Archive for March, 2019


March 28, 2019


“This is my commandment, that you love one another as I have loved you. Greater love has no one than this, that someone lay down his life for his friends.. .John 17:12”

On a hot humid night last August,  I was playing “Playing Thirty Foot”  Tiger” with some friends in Marin. It was so dark, and all around the stars were  blazing, and one could see thousands of fire fly’s drifting around, all the way to heaven. It was a surreal night. 

Every year on my birthday I receive an email from an old friend, who asks me, “What is your legacy?” She tells me you need to do something to be remembered by  and not forgotten. I am laughing now, at my on stupidity in thinking of a material legacy, because I have a great legacy, one that is intangible, and spiritual.

As I have thought about my “legacy” those fire fly’s , and those stars tell me that my legacy is not in being remembered, but in the gift I leave, that continues to transform the lives of people. The fire fly’s, the stars, that will continue long after I am gone, passed on through the lives of my friends, that I have loved.

On my birthday as I was surrounded by my  teen friends playing games, teasing me, going on a hike, and a drive, they were silly, laughing, full of fun, and they loved me,  I saw my living legacy, in the 225 snap chats, and 100 emails I received from youth and young adults whose lives have encountered mine through the years, I see my legacy, in the photos of the two thousand plus young men and women, whom I have buried, and many of whom died holding my hand, that is my legacy. In the lives of people who read my posts, and my writings, that is my legacy. And my relationship with Jesus of Nazareth who has shown me so much love and grace, which I hope in loving I share, that is my legacy.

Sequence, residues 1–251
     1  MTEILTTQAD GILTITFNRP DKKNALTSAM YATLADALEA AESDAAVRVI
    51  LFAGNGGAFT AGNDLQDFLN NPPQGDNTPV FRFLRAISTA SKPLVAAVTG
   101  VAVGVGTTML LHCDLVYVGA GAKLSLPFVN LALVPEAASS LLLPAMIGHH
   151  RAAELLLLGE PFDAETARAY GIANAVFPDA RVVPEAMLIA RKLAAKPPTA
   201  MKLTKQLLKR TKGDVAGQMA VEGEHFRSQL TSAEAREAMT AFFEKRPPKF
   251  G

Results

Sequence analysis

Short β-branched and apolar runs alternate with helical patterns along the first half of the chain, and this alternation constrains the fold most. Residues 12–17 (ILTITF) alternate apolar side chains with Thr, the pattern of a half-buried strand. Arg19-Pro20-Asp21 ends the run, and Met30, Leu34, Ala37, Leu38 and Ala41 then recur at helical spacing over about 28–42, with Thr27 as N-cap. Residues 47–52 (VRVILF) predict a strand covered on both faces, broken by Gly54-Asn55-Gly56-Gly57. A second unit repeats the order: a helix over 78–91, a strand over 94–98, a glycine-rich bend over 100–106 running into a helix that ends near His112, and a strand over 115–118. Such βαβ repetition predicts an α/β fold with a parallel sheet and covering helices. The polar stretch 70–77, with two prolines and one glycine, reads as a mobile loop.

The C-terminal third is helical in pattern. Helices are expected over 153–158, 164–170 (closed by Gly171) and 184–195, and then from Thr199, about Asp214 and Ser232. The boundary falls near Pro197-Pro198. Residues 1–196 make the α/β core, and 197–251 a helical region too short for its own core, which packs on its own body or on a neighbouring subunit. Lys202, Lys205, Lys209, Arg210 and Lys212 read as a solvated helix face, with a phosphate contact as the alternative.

When I am told I am co-dependent, take chances that put me in danger professionally and physically,  throw my money away, all of which shows immaturity, I remember that my immaturity, may be a maturity in the eyes of Someone else, and I look to the day when I will truly know. For now I live the questions.

There have been two attempts on my life this last year, and at one time I feared dying alone, but now I know I will never die alone, for the thousands of faces of those I have been friends with will be a part of that Great Cloud of Witnesses, surrounding me, calling me home, and in them I see Jesus of Nazareth. I will never die alone.

So on this birthday, I see my legacy, clearly for really the first time, and it is enough,for in the fire fly’s and the stars of the people I have touch, attempting to be a Christ-bearer, I see the Christ, and that is more than enough!  Deo Gratias! Thanks be to God!

Fr. River Damien Sims, sfw, D.Min., D.S.T.

P.O. Box 642656

San Francisco, CA 94164


Hanging Out!

March 25, 2019

Hanging Out

“This is my commandment, that you love one another as I have loved you. Greater love has no one than that someone lay down his life for his friends. . .”

I have just purchased a new Bible, and a new translation, The English Standard Version, as I do on every five year anniversary, which I will  use and read during the next five years. I picked this translation because it is the translation that my professors at Knox Seminary use, and I buy in in their honor. I will asked my friends and donors to sign, to commemorate their support.